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Parenting teenagers is no picnic. Trust me, I’ve been through it once, am going through it again now and have one more on his way in a few years.
Teenage behavior problems are often a manifestation of how the parent raised them, or at least it plays a big role in it.
And, I’ll be honest with you, I was one of those lenient, give-in all the time type of parent. You know, the mom whose heart breaks if their child cries or who feels guilty if they have to take the computer away for 30 minutes for a timeout.
I’ve always been one of those moms who avoids conflict at all costs. I’d pretty much give in to my children the minute they threw a fit. And you know what? I was actually only hurting myself and my child by being this type of parent.
Oh trust me, I’ve learned from my mistakes and I’m definitely not saying that teaching respectful child behavior is going to be easy. Cause, it certainly wasn’t for me.
A great thing about life is change is ALWAYS possible, even if your child is now in their teen years. Even if you have a rocky relationship with your teen right now, you can change that and start moving your relationship with them in a more positive direction.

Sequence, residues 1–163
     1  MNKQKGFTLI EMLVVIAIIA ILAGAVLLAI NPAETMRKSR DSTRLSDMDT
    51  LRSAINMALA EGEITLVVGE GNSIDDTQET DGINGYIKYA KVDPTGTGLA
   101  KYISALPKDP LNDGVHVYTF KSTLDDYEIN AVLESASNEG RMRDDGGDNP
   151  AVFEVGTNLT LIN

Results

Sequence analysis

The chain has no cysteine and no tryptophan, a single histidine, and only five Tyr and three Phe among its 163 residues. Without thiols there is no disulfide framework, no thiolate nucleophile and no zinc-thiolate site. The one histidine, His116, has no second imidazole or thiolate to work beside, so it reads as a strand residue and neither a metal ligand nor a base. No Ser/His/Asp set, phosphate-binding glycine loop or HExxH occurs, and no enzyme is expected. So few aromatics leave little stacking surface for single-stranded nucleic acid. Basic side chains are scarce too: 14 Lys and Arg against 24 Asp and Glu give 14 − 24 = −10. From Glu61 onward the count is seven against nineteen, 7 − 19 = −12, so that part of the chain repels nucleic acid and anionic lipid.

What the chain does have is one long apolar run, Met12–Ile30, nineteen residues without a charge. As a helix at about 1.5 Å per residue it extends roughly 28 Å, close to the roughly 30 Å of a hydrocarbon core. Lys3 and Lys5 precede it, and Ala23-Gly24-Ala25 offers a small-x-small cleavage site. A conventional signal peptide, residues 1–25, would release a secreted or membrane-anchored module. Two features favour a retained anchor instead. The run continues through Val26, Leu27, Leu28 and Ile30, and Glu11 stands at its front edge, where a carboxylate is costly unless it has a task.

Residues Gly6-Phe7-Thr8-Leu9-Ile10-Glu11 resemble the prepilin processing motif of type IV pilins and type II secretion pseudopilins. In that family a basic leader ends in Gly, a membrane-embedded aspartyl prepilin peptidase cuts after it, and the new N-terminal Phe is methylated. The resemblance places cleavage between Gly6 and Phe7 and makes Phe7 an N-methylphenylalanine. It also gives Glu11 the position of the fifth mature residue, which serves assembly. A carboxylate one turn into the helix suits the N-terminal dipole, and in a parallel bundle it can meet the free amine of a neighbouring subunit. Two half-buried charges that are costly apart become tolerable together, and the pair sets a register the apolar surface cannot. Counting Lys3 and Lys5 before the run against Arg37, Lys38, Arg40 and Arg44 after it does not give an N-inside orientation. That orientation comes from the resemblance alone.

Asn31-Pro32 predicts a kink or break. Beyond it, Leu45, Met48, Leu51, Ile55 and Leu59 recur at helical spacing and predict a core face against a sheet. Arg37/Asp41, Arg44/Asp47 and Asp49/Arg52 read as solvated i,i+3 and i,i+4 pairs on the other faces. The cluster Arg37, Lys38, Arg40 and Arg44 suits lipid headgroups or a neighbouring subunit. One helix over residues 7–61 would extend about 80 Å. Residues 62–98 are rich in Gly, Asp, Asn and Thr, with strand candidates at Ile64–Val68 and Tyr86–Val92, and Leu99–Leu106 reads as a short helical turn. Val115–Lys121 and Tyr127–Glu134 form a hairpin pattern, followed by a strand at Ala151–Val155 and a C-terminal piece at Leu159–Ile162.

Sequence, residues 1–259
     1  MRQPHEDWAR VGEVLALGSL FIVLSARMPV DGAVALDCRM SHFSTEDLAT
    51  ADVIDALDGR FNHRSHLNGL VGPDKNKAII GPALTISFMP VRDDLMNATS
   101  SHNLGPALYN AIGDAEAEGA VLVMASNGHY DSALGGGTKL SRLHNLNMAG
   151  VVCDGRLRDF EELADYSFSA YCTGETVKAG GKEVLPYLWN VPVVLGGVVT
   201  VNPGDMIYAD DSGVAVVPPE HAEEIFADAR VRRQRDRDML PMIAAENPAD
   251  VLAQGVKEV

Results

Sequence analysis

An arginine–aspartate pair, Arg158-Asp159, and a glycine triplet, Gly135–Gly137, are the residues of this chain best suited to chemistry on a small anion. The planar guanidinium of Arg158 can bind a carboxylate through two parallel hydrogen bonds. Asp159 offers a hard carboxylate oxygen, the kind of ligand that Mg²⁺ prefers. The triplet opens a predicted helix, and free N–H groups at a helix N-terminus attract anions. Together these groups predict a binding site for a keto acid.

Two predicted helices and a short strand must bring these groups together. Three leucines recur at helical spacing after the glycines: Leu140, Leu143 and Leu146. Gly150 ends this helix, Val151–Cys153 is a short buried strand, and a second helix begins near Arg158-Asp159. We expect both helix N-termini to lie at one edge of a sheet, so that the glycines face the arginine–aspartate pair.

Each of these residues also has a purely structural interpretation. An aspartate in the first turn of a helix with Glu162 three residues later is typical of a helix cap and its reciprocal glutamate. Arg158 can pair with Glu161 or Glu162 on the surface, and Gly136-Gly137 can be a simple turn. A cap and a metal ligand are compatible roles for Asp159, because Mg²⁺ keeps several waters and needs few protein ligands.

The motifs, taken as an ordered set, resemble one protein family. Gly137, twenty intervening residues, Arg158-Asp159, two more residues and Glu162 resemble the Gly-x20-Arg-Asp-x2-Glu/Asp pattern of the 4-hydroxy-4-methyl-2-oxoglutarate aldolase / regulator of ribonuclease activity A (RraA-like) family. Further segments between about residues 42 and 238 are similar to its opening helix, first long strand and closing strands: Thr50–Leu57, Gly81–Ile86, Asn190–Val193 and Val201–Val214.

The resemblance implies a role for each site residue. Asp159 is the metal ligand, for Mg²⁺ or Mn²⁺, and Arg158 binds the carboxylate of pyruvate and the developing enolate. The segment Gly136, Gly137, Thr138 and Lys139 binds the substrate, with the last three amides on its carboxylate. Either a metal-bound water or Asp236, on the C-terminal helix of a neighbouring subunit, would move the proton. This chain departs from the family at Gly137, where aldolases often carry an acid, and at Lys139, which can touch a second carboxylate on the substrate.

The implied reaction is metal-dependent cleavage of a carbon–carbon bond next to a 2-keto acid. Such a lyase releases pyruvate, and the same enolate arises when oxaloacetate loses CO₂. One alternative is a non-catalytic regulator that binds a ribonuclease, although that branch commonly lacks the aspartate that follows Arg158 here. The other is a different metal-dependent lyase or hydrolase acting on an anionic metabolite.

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How to Raise a Respectful Teenager
If your children are still little, start now to build the foundation that will set them up for their teen years and ensure they are confident, respectful and well behaved.
It all starts with teaching your kids values.
Simply put, the way kids learn values is by observing the actions you’re taking and coming up with their own ideas of what you consider important in life. By emerging from childhood into their teen years with a clear view of what you really value, it helps them develop their own “value system.”
Where do we begin?
Raising Children with Manners and Respect
1. Set Clear Rules About Respect and Behavior
When you set family rules, you are clearly expressing your expectations of behavior and respect. If possible, ensure all family members are involved in the discussion of family rules. Do your best to keep the rules you set in a positive tone. For instance, instead of saying “being disrespectful won’t be tolerated”, try saying something more positive such as, “our family speaks and shows respect for one another.” See the difference?
You’re setting an expectation — not reprimanding.
If your child breaks a rule, you MUST follow up with the consequence firmly and calmly every time. (Again, this was definitely something I struggled with). You first must set up a fair consequence beforehand that everyone can agree to in advance. For instance, a consequence for breaking a certain rule could be taking your child off the computer for a couple hours.
Make sure they know this is their consequence should they break any of the family rules. Then, follow through.